Writers Talk About Writing
Art of the Essay
"I really love essays," says Los Angeles Times columnist Meghan Daum. Celebrated for her incisive and humorous views on culture, she's the author of a highly-regarded novel called "The Quality of Life Report" and has written for numerous magazines, including the New Yorker, Vogue, GQ, Harpers and Travel & Leisure. She's also published a collection of personal essays in a book called "My Misspe nt Youth." We talked to Meghan about why she holds this literary form so dear.
VT: What kind of column do you write for the Los Angeles Times?
Meghan: The weekly columns are short essays at the crossroads of cultural observation and social criticism. These essays don't have the kind of scary formalities that put people off to the form. They're pieces that try to combine humor and serious inquiry -- and they generally spin off the news.
VT: What's the difference between a personal essay and a memoir?
Meghan: : I make a big distinction with this. A personal essay takes something that happened in your life and pretty quickly -- and overtly -- transcends the merely personal to talk about something larger in the world. But you're not making pronouncements -- you're inviting your reader to look at things in a new way. Suggestion, not dogma. You have to be sure to get out of the personal and into the universal. This is critical. I think a lot of times readers -- and publishers -- are not terribly aware or interested in this distinction.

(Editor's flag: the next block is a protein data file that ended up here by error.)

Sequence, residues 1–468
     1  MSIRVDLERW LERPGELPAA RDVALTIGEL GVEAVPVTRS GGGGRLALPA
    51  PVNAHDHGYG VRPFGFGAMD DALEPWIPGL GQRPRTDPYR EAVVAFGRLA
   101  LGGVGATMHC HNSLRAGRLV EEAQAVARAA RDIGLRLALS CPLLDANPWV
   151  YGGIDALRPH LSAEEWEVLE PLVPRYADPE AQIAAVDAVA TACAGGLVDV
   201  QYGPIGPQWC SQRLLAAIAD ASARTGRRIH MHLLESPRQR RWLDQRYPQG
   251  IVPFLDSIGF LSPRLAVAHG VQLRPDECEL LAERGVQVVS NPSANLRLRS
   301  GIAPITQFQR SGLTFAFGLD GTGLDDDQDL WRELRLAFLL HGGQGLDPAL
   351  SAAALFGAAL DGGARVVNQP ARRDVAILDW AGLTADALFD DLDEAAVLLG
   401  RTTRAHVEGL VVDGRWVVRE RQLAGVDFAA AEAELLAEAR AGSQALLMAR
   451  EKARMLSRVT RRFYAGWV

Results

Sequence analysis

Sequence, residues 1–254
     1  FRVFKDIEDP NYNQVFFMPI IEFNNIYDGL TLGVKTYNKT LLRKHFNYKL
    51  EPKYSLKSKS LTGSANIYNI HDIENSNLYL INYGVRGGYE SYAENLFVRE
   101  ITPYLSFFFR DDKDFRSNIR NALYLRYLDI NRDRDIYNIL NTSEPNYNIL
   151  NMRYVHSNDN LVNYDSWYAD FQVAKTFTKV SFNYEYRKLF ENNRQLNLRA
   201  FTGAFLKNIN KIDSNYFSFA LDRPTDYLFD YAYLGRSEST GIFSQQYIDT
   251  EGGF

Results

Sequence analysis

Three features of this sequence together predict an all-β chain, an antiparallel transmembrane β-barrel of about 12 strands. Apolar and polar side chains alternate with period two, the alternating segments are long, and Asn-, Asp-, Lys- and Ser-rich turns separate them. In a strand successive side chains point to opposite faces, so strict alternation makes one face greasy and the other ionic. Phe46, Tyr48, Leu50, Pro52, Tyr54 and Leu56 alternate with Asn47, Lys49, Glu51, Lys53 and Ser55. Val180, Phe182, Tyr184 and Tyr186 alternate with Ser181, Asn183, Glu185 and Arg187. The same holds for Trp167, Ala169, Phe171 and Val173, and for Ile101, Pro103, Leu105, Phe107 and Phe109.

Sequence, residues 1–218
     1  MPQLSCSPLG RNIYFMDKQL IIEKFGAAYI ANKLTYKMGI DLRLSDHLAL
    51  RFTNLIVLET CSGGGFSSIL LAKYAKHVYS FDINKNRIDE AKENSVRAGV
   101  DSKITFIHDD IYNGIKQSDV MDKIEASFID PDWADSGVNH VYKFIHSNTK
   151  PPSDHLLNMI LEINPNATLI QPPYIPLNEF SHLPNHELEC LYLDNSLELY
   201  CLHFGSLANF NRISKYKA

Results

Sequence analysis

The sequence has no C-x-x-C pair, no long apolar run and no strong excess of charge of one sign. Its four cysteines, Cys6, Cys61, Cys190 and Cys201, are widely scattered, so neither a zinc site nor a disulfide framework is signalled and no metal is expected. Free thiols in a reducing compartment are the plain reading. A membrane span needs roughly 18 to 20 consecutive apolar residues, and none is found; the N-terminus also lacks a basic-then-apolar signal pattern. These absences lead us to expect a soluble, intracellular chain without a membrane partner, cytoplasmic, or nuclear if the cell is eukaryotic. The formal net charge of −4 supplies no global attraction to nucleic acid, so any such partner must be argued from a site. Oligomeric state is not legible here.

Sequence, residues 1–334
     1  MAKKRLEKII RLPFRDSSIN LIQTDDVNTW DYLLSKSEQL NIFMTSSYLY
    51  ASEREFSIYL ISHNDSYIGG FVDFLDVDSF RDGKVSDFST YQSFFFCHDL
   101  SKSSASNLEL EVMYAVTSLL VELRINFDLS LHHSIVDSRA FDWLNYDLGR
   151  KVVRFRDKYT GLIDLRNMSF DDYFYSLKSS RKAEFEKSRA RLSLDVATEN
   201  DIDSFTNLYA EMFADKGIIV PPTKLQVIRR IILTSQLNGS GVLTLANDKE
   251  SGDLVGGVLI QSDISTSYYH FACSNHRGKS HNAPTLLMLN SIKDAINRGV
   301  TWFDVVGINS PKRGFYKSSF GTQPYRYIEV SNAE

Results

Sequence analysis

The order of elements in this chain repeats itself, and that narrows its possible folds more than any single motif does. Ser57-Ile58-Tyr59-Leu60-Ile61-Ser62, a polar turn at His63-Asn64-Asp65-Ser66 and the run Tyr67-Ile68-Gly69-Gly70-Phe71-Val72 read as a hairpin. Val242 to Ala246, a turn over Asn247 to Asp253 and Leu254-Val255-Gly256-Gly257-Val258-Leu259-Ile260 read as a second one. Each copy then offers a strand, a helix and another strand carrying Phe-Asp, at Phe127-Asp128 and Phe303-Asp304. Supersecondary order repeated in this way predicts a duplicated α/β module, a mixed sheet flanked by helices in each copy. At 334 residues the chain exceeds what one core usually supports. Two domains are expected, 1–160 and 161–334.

VT: Your pieces are keen looks at culture, but they're also, well, funny. How do you accomplish that?
Meghan: : The key to satire is that you have to implicate the narrator much more harshly than anyone else. If you make fun of yourself in an honest way and you don't shy away from the most embarrassing aspect of an experience, that gives you license to just skewer everyone else. It's a huge payoff. If you want to make fun of people you have to make fun of yourself even more. That's how you're create something funny but incisive.
VT: When you teach writing essays, what's the major point you make to your students?
Meghan: : I tell my students that you can't be afraid of making people angry. It's something I have to remind myself all the time, too. You have to take risks. To me the entire point of being a writer is to express what your reader is feeling but may not even realize they're thinking or feeling. The job of a writer is to help people make sense of the world. You're taking on the experience of our culture, analyzing it and looking at it in a variety of different ways. It's essential to not be afraid to go out on a limb. I remind my students that nothing that is truly good is liked by everyone. Some people will love a piece, others will hate it. You can't have it both ways. I think it's hard. It's hard to be criticized. It's hard to stick your neck out. But it's really necessary.